(As published in the Sunday Star Times, Sunday February 1, 2015)
Whether you like cricket or not, it is highly unlikely that you are unaware of the building success of our national cricket team. From zeros to heroes, some are saying about their streak to success. So how has a previously out-and-out team with major issues sorted itself out so quickly to become close to world-beaters? There are some great learnings for us businesspeople in the Black Caps recent history…
Mike Hesson, in his role as Black Caps coach, is like the owner of a business. Win or lose, most responsibility lies with him. Pretty much, he takes all the good and the bad on his shoulders. But the perception of him is that he’s a little bit maverick – like many of the most successful businesspeople often are. Think the Mad Butcher and Richard Branson and. They all think outside the box and know the rules but bend (or break them) in their innovative approach to business.
When Mike took over the Black Caps, it did not start well. Mike made a few changes (the team and approach etc) and ouch, the South African test series in 2012 was among the worse losses we have ever had. It was like a business not being far off bankruptcy. Partly he probably was let down by his players’ mental aptitude. The lesson here? In business (like in sport), when things are not going well, you need to get to the nub of the issues, consider the different options to fix those issues and systematically implement your ideas to fix the issues. You must do this in a prioritised way.
We also all know part of the improvement plan (in Mike’s head) was to change the captaincy. This was generally viewed as a process that wasn’t carried out as well as it could have been. Lesson in business: communication really matters, as does trust, but sometimes you actually have to make really hard decisions that not everybody will like. This includes redundancies. That is all part of being a leader. Not everybody is going to be your best friend.
In building an A-team at the Black Caps, some people who might be world-beaters on their day are no longer in the team. It takes real guts to leave out 1 or 2 of the best players in the world from your team because you know the impact on your team (business) culture is potentially negative and that you have to uphold certain standards. It has to be one rule for all – you can’t be pussy-footing around your best performers and giving them special treatment. Is there anybody in your team or business who is having a majorly negative impact on your culture? Culture is a huge driver of team performance – fix it!
Once we win the World Cup (ha), I will no doubt write about Brenden McCullum’s leadership virtues but he has really (positively) surprised me with his leadership of the team. With the help of his coach, he has been able to be very strategic in how we go about winning games, plus he has the team all singing from the same song sheet on the field. One of his biggest strengths is that he leads by example – a few years ago, who would have thought that Brenden would be as humble a leader as he is a today. Our business lesson here: a business owner needs the best managers in place to maximise success. Are the managers in your business walking the talk? Do you have anyone in a leadership position who shouldn’t be? What will you do about it?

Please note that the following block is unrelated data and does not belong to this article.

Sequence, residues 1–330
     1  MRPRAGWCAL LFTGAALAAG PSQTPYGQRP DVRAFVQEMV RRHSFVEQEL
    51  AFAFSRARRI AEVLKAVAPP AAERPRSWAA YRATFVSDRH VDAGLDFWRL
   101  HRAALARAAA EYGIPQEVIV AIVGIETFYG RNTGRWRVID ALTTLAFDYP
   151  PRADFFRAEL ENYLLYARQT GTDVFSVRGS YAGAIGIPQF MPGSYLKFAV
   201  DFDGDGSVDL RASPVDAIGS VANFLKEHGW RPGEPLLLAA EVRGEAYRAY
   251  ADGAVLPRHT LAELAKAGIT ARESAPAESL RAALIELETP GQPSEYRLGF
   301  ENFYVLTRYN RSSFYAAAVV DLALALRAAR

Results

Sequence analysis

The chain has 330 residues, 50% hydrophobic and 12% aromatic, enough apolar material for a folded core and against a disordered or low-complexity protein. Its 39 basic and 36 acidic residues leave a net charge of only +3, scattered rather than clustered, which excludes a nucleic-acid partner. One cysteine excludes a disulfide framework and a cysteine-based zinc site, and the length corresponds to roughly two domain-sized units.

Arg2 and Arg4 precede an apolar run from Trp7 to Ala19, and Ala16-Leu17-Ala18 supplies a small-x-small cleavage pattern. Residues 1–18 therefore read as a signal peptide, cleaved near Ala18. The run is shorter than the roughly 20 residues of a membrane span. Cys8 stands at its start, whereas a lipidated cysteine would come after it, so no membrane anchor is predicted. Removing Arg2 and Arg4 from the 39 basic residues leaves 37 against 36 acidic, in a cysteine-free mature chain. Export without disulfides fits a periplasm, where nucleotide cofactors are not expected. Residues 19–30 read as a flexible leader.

Bruce Edgar has come to the fore of late as Mike Hesson’s main advisor around selection (and more, no doubt). All businesses need a smart external advisor to give them some reality checks and to be a sounding board in big or difficult decisions. Mike got one of the best in cricket. Have you got a great external advisor? If not, find one.
Perhaps the biggest reason why the Black Caps have become so good is both consistency and also the fact that if one player fails, another is there to step up to deliver towards a winning team performance. There are many elements at play here (‘scuse the sporting pun) in their success, but a lot of it will fall back to culture, self-belief and the fact the right people are on the bus. Sometimes we feel that a player is given one too many chances but man, do they eventually come through and deliver, thanks to people management and having a development plan for the player. Who in your business has the makings of greatness but is not quite there? What is really holding them back and how can you really help them address this? Where does your business lack consistency and how do you fix this? This should come through in your business planning and strategy.
So what hard decisions do you need to make today to help your business go forward and succeed? What are you going to do about them? Go the Black Caps!
Zac de Silva is a business coach, speaker and director who owns www.businesschanging.com and also delivers a business bootcamp intensive. He was recently awarded International Business Coach of the Year.
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